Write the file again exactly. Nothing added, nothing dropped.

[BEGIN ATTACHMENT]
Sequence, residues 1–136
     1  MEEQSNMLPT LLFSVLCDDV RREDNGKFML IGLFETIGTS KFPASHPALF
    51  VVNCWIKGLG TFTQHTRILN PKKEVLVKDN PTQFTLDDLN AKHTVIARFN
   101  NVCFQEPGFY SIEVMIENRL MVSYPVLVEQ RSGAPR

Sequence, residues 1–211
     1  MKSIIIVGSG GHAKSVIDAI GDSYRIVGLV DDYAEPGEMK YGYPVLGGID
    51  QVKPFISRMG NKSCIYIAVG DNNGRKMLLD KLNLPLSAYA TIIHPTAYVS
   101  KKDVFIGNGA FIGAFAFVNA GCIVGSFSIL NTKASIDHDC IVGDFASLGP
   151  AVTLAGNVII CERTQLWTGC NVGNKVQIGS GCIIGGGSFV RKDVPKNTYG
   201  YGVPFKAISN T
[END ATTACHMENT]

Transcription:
Sequence, residues 1–136
     1  MEEQSNMLPT LLFSVLCDDV RREDNGKFML IGLFETIGTS KFPASHPALF
    51  VVNCWIKGLG TFTQHTRILN PKKEVLVKDN PTQFTLDDLN AKHTVIARFN
   101  NVCFQEPGFY SIEVMIENRL MVSYPVLVEQ RSGAPR

Sequence, residues 1–211
     1  MKSIIIVGSG GHAKSVIDAI GDSYRIVGLV DDYAEPGEMK YGYPVLGGID
    51  QVKPFISRMG NKSCIYIAVG DNNGRKMLLD KLNLPLSAYA TIIHPTAYVS
   101  KKDVFIGNGA FIGAFAFVNA GCIVGSFSIL NTKASIDHDC IVGDFASLGP
   151  AVTLAGNVII CERTQLWTGC NVGNKVQIGS GCIIGGGSFV RKDVPKNTYG
   201  YGVPFKAISN T